Tips for Keeping Good Breath

Jones graphic

“I decided to go to school because I was tired of working dead-end jobs. … When I found out I was pregnant, I realized that I needed a better life for me, for my child, for my husband, and just to better myself.”

Trenisha Jones
Dental Assistant Graduate

“Knowing I could be working as a Dental Assistant in eight months was crazy to me! I loved going to class and would drive an hour there every day. I’m truly happy that I took the step to go to Concorde. It was the best thing I have done for my family.”

Andrea Nolan
Dental Assistant graduate
dental hygiene

Bad breath. No one wants to admit they have it. No one wants to tell you about it. Even professionals in Dental Hygiene shy away from mentioning it. The fact that there is a billion-dollar oral health care product industry in the U.S. dedicated to combating the problem identifies the size of the problem.

But we want our Concorde students and graduates all to enjoy the benefits of clean, fresh breath. And there are some simple things to know and do that are effective in fighting bad breath and maintaining good Dental Hygiene and good breath.

We enlisted the help of a couple of our Dental Hygiene Program Directors to explain why most of us suffer from halitosis and what we can do to keep our breath fresh.

Causes of Halitosis

There are a variety of things that cause bad breath, according to Laurel Sampson, Dental Hygiene Program Director at Concorde's campus in San Diego. These include systemic factors such as disease processes or the ingestion of odiferous foods. However, these account for only 10 percent of oral malodor, Sampson said. The other 90 percent originates in the oral cavity.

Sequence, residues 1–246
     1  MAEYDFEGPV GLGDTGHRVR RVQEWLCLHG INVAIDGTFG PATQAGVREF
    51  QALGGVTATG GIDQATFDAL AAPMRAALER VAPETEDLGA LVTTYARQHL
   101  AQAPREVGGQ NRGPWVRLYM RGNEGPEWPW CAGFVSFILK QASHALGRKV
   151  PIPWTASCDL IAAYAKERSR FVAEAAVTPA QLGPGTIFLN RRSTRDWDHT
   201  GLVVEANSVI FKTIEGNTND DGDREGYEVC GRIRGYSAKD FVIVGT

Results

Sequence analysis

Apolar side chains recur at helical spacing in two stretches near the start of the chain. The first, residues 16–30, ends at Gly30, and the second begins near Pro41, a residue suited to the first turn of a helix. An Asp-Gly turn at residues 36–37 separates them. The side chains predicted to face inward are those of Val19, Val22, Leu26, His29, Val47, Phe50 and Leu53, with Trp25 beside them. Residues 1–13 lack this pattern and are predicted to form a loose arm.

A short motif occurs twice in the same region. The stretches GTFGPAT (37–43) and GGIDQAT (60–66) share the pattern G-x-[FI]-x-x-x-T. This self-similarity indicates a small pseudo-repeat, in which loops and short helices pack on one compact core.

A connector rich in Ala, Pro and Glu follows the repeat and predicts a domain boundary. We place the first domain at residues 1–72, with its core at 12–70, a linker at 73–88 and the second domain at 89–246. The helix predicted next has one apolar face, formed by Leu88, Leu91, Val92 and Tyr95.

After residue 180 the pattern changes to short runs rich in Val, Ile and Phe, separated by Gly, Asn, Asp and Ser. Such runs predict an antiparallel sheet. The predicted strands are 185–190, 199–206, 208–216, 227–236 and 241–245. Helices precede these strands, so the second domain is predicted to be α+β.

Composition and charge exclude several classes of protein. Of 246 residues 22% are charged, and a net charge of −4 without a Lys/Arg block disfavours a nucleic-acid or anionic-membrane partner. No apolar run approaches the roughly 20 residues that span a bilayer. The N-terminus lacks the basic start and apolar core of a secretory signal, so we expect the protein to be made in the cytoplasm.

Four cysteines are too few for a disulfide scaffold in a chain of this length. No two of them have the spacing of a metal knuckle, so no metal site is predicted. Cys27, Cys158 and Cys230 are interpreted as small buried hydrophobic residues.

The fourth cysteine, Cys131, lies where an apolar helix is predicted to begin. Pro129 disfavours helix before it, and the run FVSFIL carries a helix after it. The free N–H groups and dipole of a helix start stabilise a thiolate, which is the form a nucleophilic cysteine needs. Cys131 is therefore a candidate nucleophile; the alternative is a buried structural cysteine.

"Bad breath is most commonly due to the anaerobic bacteria that inhabit our gum tissue, tonsils and most important, our tongues," Sampson said. "In fact, our tongues are the ideal environment for entrapping all kinds of debris that these nasty bugs like to call dinner. When they digest them, the bacteria produce stinky stuff called 'volatile sulfur compounds,' or VSCs. Voila, bad breath is born!"

So, what can we do about this problem? Sampson said many people attempt to deal with bad breath by brushing their teeth or using mouthwash. But that only takes care of part of the problem. The biggest culprit, the tongue, goes unnoticed in cleaning efforts.

"Some people do try and address this by brushing their tongues," she said, "but with the addition of one simple device to our daily oral care routine, we can be truly effective in chasing the stink bugs away. That device is called a tongue scraper, and a recent study showed that using one can decrease the VSCs by 75 percent."

"So, if you really want to have sweet breath, go to your local pharmacy and pick one up and use it every day. You'll be amazed at the results!"

The direct causes of halitosis vary from person to person. Some people have an increased risk for developing bad breath, reports the Mayo Clinic, from the following factors:

  • Food - Bad breath may be caused by food particles around and between your teeth. These food particles may accumulate on your tongue as well. Furthermore, some foods release odors after being ingested, such as garlic, onions, and spices.